Effie Whittlesey by George Ade

Mrs. Wallace assisted her husband to remove his overcoat and put her warm palms against his red and wind-beaten cheeks.

“I have good news,” said she.

“Another bargain sale?”

“Pshaw, no! A new girl, and I really believe she’s a jewel. She isn’t young or good-looking, and when I asked her if she wanted any nights off she said she wouldn’t go out after dark for anything in the world. What do you think of that?”

“That’s too good to be true.”

“No, it isn’t. Wait and see her. She came here from the intelligence office about two o’clock and said she was willing to ‘lick right in.’ You wouldn’t know the kitchen. She has it as clean as a pin.”

“What nationality?”

“Nonethat is, she’s a home product. She’s from the countryand green! But she’s a good soul, I’m sure. As soon as I looked at her, I just felt sure that we could trust her.”

“Well, I hope so. If she is all that you say, why, for goodness sake give her any pay she wantsput lace curtains in her room and subscribe for all the story papers on the market.”

“Bless you, I don’t believe she’d read them. Every time I’ve looked into the kitchen she’s been working like a Trojan and singing ‘Beulah Land.’ “

“Oh, she sings, does she? I knew there’d be some draw-back.”

“You won’t mind that. We can keep the doors closed.”

The dinner-table was set in tempting cleanliness. Mrs. Wallace surveyed the arrangement of glass and silver and gave a nod of approval and relief. Then she touched the bell and in a moment the new servant entered.

She was a tall woman who had said her last farewell to girlhood.

Then a very strange thing happened.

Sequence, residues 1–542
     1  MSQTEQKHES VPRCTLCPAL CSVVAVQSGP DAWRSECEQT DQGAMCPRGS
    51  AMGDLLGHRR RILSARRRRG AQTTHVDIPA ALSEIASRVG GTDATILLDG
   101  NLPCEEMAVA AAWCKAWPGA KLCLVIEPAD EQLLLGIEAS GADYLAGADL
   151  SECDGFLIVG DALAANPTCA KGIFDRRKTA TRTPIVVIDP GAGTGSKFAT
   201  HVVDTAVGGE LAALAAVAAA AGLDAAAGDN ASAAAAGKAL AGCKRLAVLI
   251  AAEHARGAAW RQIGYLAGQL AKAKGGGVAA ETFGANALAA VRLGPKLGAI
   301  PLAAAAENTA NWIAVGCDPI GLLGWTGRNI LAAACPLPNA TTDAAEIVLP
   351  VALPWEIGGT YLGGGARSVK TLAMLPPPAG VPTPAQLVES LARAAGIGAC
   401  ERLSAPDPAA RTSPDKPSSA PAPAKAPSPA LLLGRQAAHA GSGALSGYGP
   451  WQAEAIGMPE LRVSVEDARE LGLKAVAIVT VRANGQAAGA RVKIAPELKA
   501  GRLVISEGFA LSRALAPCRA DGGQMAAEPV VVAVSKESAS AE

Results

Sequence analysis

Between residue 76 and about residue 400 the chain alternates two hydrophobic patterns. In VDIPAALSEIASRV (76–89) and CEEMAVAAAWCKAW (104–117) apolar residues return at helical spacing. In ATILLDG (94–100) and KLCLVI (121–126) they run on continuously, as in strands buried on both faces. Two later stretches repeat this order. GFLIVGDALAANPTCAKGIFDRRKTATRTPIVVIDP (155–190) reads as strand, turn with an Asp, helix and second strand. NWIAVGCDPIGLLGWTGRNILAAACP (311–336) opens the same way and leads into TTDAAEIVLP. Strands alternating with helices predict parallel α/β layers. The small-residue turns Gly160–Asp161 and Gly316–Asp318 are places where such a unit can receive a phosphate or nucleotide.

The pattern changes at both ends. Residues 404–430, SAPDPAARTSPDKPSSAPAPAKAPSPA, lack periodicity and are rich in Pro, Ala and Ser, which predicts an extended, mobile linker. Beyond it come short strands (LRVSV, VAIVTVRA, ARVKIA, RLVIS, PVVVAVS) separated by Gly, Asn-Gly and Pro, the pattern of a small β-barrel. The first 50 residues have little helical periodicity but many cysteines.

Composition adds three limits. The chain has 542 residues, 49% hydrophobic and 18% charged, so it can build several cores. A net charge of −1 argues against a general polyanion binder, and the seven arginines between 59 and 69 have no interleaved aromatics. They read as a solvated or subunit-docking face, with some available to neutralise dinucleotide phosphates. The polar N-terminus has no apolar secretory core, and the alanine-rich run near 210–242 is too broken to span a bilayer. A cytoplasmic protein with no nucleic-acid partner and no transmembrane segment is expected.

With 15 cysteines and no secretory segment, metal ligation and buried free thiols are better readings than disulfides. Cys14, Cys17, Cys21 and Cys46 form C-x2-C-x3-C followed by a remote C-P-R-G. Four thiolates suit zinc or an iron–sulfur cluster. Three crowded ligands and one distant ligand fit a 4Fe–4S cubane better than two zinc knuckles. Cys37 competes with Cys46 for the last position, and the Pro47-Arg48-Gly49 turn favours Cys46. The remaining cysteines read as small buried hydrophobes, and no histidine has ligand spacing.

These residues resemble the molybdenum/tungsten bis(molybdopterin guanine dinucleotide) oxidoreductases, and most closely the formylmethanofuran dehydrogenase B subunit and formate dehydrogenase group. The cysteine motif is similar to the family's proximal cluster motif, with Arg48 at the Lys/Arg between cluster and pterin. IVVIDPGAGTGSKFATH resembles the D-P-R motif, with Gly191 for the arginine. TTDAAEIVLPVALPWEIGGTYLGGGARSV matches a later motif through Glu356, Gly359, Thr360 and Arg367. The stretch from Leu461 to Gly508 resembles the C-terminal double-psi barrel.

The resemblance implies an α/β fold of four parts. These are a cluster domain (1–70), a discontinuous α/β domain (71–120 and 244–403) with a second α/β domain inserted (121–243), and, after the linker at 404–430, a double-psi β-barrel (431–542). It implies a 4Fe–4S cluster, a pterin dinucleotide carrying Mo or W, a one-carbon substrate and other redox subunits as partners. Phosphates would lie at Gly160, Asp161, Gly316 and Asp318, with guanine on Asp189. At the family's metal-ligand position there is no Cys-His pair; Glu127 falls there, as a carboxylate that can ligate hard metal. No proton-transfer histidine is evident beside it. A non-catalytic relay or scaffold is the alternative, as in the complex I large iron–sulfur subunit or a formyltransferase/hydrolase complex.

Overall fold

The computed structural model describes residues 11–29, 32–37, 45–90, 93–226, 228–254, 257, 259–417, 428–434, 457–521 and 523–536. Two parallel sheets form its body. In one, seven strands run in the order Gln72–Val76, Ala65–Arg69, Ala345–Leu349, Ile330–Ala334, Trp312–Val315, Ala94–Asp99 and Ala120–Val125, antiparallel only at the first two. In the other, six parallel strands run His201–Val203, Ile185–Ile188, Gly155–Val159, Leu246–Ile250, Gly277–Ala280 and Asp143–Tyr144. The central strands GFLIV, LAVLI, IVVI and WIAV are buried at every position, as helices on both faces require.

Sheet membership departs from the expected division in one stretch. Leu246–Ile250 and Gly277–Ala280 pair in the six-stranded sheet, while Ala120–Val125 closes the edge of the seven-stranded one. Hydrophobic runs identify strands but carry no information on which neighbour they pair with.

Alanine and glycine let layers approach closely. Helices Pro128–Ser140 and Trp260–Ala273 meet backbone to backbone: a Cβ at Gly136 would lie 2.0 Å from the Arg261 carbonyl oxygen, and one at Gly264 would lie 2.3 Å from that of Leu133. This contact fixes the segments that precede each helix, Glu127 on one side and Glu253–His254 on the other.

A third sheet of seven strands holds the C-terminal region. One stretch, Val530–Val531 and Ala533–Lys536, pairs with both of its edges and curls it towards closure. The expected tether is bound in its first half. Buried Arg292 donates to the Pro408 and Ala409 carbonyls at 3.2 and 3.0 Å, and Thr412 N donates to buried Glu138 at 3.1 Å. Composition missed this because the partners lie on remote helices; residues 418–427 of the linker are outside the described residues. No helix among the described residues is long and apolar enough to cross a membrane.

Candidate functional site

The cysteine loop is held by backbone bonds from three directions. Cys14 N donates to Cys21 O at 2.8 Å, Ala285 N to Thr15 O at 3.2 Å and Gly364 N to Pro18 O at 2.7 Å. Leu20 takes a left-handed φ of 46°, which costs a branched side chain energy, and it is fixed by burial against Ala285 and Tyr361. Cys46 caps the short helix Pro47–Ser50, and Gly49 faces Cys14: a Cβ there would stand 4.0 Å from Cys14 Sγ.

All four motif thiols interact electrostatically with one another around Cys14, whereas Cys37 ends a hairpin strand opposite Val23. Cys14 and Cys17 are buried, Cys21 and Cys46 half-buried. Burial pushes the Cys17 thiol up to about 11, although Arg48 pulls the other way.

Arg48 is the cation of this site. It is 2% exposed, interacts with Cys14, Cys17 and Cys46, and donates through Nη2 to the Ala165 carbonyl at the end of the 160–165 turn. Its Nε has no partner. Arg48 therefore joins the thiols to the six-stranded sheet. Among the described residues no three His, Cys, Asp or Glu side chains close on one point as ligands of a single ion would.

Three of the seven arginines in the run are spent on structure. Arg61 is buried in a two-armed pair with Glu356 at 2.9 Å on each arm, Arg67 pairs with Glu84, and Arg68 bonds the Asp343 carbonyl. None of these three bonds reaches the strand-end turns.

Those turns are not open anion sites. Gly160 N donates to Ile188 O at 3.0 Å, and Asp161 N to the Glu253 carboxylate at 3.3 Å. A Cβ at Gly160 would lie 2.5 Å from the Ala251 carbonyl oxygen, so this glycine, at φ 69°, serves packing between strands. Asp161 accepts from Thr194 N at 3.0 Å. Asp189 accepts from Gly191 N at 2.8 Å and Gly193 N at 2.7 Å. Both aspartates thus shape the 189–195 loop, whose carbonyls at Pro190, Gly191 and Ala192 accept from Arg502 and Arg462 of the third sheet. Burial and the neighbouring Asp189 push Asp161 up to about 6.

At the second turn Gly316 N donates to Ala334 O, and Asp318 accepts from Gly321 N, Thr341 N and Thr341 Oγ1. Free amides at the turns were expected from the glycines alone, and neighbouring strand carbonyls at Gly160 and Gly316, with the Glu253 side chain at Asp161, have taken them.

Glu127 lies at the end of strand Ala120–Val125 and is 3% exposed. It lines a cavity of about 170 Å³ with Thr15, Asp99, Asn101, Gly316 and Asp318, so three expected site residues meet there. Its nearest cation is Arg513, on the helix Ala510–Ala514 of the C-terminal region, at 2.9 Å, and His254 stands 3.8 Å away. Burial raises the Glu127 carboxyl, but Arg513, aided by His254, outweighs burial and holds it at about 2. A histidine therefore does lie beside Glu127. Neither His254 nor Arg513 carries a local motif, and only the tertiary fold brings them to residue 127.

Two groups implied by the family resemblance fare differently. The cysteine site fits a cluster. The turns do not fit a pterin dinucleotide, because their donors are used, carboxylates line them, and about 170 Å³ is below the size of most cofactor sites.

Mr. Wallace turned to look at the new girl and his eyes enlarged. He gazed at her as if fascinated either by cap or freckles. An expression of wonderment came to his face and he said: “Well, by George!”

The girl had come very near the table when she took the first overt glance at him. Why did the tureen sway in her hands? She smiled in a frightened way and hurriedly set the tureen on the table.

Mr. Wallace was not long undecided, but during that moment of hesitancy the panorama of his life was rolled backward. He had been reared in the democracy of a small community, and the democratic spirit came uppermost.

“This isn’t Effie Whittlesy?” said he.

“For the land’s sake!” she exclaimed, backing away, and this was a virtual confession.

“You don’t know me.”

“Well, if it ain’t Ed Wallace!”

Would that words were ample to tell how Mrs. Wallace settled back in her chair blinking first at her husband and then at the new girl, vainly trying to understand what it meant.

She saw Mr. Wallace reach awkwardly across the table and shake hands with the new girl and then she found voice to gasp: “Of all things!”

Mr. Wallace was confused and without a policy. He was wavering between his formal duty as an employer and his natural regard for an old friend. Anyway, it occurred to him that an explanation would be timely.

“This is Effie Whittlesy from Brainerd,” said he. “I used to go to school with her. She’s been at our house often. I haven’t seen her forI didn’t know you were in Chicago,” turning to Effie.

“Well, Ed Wallace, you could knock me down with a feather,” said Effie, who still stood in a flustered attitude a few paces back from the table. “I had no more ides when I heard the name Wallace that it’d be you, though knowin’, of course, you was up here. Wallace is such a common name I never give it a second thought. But the minute I seen youlaw! I knew who it was, well enough.”

“I thought you were still at Brainerd,” said Mr. Wallace, after a pause.

“I left there a year ago November, and come to visit Mort’s people. I s’pose you know that Mort has a position with the street-car company. He’s doin’ so well. I didn’t want to he no burden on him, so I started out on my own hook, seein’ that there was no use of goin’ back to Brainerd to slave for two dollars a week. I had a good place with Mr. Sanders, the railroad man on the north side, but I left becuz they wanted me to some liquor. I’d about as soon handle a toad as a bottle of beer. Liquor was the ruination of Jesse. He’s gone to the dogsbeen off with a circus somewheres for two years.”